Walled Gardens

Reading Dave Winer’s rant this morning got me off my duff and posting again. Things have felt really hectic on the day job front and, as a result, essentially all of my posting activity has been over on my day job blog Payments News, not here, for the last three weeks. Indeed, I was even too tired to make it to Mike Arrington’s latest Friday night bash where Dave provided some words of encouragement to the assembled clan.

To me, Dave’s post is all about inclusion and about not working in walled gardens. Indeed, it’s about not even thinking of erecting walls around the gardens we build. Yet, we have walled gardens all around us. Sometimes the walls come down (e.g., the Carterfone decision); mostly new walls go up (e.g., eBay’s just announced Safe Payments Policy that appears designed to keep any new PayPal-like entrant outside the eBay garden or when the New York Times moved some of its choice content behind a new Select wall). VCs have historically looked for big walled gardens — called barriers to entry — although even that seems to be changing.

Seems like walls tend to go up a lot more often (and easily) than walls come down. Then, once you’ve built a wall, you seem to invest a lot of energy in tending to the wall itself perhaps even to the detriment of the garden blooming inside. Indeed, you almost never will tear that wall down of your own volition — even if the garden inside is dying or has already died. It’s only when you’re forced to tear the wall down that it actually falls.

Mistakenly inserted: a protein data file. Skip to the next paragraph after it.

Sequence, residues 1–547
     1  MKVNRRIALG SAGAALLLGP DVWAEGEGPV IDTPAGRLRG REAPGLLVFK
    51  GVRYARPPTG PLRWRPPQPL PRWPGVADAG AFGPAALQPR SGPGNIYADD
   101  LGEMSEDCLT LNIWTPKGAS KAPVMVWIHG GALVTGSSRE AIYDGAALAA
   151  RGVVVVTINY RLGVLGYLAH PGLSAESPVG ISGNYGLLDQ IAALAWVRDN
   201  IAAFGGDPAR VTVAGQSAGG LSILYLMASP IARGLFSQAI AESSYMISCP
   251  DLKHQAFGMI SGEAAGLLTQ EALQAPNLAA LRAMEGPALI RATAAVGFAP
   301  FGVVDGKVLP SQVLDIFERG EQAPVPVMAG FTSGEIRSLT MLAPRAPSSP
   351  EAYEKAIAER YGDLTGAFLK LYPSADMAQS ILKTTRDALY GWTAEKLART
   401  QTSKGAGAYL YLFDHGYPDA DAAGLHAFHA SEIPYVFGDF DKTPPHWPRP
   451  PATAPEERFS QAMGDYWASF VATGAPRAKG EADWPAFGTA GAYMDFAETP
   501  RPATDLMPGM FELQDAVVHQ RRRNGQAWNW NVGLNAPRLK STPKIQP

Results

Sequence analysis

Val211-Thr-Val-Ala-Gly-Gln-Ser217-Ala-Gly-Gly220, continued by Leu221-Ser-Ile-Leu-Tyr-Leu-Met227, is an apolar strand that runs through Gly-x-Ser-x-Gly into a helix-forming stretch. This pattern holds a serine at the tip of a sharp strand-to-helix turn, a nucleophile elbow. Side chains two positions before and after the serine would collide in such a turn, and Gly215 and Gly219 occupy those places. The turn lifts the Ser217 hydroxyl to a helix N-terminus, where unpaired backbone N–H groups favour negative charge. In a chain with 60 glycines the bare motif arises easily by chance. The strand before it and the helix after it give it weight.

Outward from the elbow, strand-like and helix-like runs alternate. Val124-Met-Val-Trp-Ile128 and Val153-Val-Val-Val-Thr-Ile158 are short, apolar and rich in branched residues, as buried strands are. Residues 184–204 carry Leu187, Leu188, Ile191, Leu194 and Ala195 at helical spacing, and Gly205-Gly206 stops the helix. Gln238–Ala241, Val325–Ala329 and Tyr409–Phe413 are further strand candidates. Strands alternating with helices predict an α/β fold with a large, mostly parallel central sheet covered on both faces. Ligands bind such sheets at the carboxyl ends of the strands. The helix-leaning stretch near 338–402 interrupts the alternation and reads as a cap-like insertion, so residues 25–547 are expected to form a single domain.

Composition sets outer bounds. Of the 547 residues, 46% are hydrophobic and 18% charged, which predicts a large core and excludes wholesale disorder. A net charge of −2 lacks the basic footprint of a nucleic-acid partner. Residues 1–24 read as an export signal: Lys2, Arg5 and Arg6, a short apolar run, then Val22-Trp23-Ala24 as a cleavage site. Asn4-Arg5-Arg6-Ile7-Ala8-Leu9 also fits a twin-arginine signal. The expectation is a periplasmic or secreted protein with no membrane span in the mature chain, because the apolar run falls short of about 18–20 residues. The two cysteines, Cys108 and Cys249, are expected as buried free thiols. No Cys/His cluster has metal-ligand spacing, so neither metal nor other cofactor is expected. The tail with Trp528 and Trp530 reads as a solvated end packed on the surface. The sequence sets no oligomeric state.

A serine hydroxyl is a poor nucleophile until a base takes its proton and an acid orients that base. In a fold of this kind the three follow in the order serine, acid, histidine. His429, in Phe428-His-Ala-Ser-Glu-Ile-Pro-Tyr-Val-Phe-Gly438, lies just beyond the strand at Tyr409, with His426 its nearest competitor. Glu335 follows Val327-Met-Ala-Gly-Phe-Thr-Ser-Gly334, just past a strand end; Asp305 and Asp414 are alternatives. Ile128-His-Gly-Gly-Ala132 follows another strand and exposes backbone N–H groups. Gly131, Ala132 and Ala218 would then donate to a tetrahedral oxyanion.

One of the great things about the web to date has been a relative lack of wall building, even by those who could easily have done so. For example, Netscape (with some excellent friends) developed SSL – the key protocol enabling secure communications on the Internet — and gave it away to the community. Dave himself did the same with RSS, enabling all manner of new forms of information distribution to emerge and new millions to be made by others.

This could be changing — or maybe not. Maybe it’s just the usual ebb and flow of business?

There was a Wall St. Journal story last week about how the wireless carriers and telcos were working on plans to restrict the Internet network pipes they sell to customers from being able to support voice over IP telephony traffic — because of the threat it represents to their core business. We’ve got a big set of walls surrounding the cellular carriers — where a Carterfone 2.0 decision is sorely needed. And, the already mentioned the eBay example of limiting payment choices and the New York Times locking up content. Indeed, theres some irony in these examples: limitations on Internet telephony would impact the success of eBay’s recent acquisition of Skype!

Most of us really enjoy the gardening, not the wall building or the wall tearing down, and Dave’s clearly a gardener, at least much of the time. Some great fortunes have been made by those wall builders who knew just where and when to erect their walls. Some great reputations have been earned by gardeners who chose not to erect new walls but who propagated their plants and encouraged others to stand on their shoulders. Do you toil for money or for love?

Which are you? Hoe in hand, or brick? New mantra: “Do no evil, build no walls”?

One reply on “Walled Gardens”

Was rather delighted to see that someone else had made the connection between walled gardens and gardening. And you coudnt be more right about Dave Winer being a gardener.
I myself made the connection in the context of GoogleBase turning into a Walled Garden!

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